Recovering from Job Loss: The Role of Unemployment Insurance
JPMorgan Chase & Co., September 2016
16 Pages Posted: 6 Feb 2017
Date Written: September 15, 2016
In this report JPMorgan Chase Institute assembled a de-identified sample of 160,000 regular Chase customers who received unemployment insurance (UI) between 2014 and 2016 across 18 states to evaluate the role that UI plays in mitigating the financial impacts of job loss. Our results show that UI is remarkably effective at preventing large spending drops among the short-term unemployed. First, UI softens the drop in family income due to job loss from roughly $1,826 a month — a 46 percent drop in monthly income — to just $617 a month — a 16 percent drop. Second, spending drops by just 5 percent upon job loss because UI benefits boost spending dramatically, averting 74 percent of the drop. Third, spending declines coincide with income losses. Income and spending recover within 18 months for the short-term unemployed but remain depressed for the long-term unemployed. When UI benefits are less generous, the long-term unemployed experience more economic hardship but also go back to work sooner. Fourth, among all UI recipients, job loss causes a drop in discretionary spending and student loan payments, but the long-term unemployed cut nearly every category of spending when UI runs out. And finally, families with high liquid assets reduce their spending upon job loss by roughly half as much as families with low liquid assets. With just 27 percent of the unemployed receiving UI — a record low recipiency rate — this report provides a critical fact base to inform efforts to reform UI.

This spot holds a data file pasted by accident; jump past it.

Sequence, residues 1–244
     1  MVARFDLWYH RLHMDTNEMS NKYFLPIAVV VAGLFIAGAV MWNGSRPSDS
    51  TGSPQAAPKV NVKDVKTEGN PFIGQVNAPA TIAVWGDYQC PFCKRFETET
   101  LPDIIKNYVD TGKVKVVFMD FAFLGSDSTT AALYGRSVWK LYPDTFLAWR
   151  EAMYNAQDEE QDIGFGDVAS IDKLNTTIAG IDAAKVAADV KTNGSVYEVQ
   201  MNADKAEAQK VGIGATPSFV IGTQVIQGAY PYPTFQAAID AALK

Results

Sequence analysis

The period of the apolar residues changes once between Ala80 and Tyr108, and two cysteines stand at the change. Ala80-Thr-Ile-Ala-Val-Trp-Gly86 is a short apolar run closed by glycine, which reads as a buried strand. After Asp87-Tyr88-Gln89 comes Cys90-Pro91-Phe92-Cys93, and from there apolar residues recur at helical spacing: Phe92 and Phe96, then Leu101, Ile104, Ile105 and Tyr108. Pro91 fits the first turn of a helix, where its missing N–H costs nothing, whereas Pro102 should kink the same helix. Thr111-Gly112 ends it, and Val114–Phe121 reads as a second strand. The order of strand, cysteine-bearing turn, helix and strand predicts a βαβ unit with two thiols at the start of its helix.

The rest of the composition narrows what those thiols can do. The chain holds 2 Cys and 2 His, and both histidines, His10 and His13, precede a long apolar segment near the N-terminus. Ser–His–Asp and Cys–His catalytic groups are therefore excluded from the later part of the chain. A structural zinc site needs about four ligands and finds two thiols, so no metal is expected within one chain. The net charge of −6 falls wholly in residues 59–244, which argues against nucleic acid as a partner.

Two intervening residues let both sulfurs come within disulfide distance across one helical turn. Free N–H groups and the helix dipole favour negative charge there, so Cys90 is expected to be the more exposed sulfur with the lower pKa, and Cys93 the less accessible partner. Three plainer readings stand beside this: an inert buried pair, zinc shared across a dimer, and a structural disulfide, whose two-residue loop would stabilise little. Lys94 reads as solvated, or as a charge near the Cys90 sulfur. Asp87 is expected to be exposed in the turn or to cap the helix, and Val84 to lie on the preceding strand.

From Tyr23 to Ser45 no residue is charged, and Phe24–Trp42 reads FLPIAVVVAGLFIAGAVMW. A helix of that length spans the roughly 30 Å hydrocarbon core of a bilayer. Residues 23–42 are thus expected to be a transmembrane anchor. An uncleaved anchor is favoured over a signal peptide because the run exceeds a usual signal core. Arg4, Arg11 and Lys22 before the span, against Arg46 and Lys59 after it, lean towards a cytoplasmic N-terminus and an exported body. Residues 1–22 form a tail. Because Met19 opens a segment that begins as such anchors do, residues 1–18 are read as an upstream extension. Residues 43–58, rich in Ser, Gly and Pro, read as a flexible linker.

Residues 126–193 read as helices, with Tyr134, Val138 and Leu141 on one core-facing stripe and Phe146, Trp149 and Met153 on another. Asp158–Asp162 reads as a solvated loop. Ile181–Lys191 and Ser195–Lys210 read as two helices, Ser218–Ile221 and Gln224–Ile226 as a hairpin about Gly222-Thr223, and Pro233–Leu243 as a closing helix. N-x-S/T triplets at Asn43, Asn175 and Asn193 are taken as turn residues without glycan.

Keywords: Unemployment, Spending
JEL Classification: E21, E24, J65
Suggested Citation: Suggested Citation